Truthdigger of the Week: Early Marriage Rights Champion Gavin Newsom
Posted on Jun 28, 2015
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People across the United States were taken by surprise Friday morning when the Supreme Court declared same-sex marriage legal in all 50 states. Private citizens, celebrities and public officials celebrated the long-overdue recognition of the right of homosexual couples to enjoy the dignity and legal benefits of marriage.
In a list of milestones on the way to this historic decision, The Guardian traced the effort to secure these rights back to 1924, when a German immigrant founded the Society for Human Rights in Chicago. Among the many acknowledged contributions was a 2004 order by then-San Francisco Mayor Gavin Newsom to defy state law and issue marriage licenses to gay couples. In doing so, Newsom faced criticism from his party (Sen. Dianne Feinstein told him his actions could influence the outcome of the presidential election) and risked arrest and the loss of his office.
More than 4,000 couples were wed before the licenses were annulled a month later, but the move brought national attention to the quest for equality. Following Massachusetts, where such unions have been taking place since 2004, 36 states and the District of Columbia legalized same-sex marriage during the decade that passed between then and the Supreme Court’s decision Friday. (A Supreme Court decision in 2013 allowed the marriages to resume in California.)
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Newsom eventually agreed to abide by an order by the California Supreme Court to observe the existing marriage statutes. President Bush reaffirmed his commitment “to protect marriage between a man and a woman,” saying he “watched carefully what’s happening in San Francisco.”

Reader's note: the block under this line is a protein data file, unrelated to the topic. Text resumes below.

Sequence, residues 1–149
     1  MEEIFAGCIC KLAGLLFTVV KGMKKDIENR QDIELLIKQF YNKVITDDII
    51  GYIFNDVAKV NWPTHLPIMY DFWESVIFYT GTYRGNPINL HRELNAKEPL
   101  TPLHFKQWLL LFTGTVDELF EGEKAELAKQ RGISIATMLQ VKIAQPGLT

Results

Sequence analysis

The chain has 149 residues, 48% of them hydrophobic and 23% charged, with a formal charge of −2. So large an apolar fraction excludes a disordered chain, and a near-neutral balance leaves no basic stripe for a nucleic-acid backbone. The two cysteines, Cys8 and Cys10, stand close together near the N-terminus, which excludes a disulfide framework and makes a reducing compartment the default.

But Newsom was less concerned with criticism from the right than from his party colleagues. “I was more disgusted by my own party’s lack of support than from Republican criticism,” he told The San Francisco Examiner in early 2014. “The only exception was Chicago’s mayor, Richard M. Daley, who said he’d do the same thing if he were the president of Cook County.
“Even by 2006, and it was crickets out there,” Newsom continued. “Literally, people were talking about dogs marrying cats in some circles. Then in 2012, we hit a tipping point. The winds started to shift and state after state started flipping on same-sex marriage.”
Newsom praised the Supreme Court’s decision last week but cautioned that landmark civil rights decisions have been opposed and overturned before.
“I celebrate today’s decision but recognize that the fight for equality is not over,” he said in a statement. “Far from it. As we look to the future, I urge those with whom I have walked this march to continue forward with vigilance and resolve.” Also in the statement, Newsom called for better protections for LGBT employees who are vulnerable to workplace discrimination.
Newsom’s historical role in Friday’s decision was acknowledged by current San Francisco Mayor Ed Lee in a speech at City Hall.
“At long last, marriage equality in the U.S.,” Lee said. “We started that movement right here when Gavin Newsom dared to marry loving same-sex couples right under this dome. We are proud of our city leading the nation and even the world on this issue.”
Truthdig is proud of San Francisco and of Newsom too, and everyone else who has helped in the struggle for the legal rights that same-sex couples deserve. Friday’s decision marks the tearing down of one of the walls that stand between large numbers of people and their happiness. For that victory, we honor Gavin Newsom as our Truthdigger of the Week.
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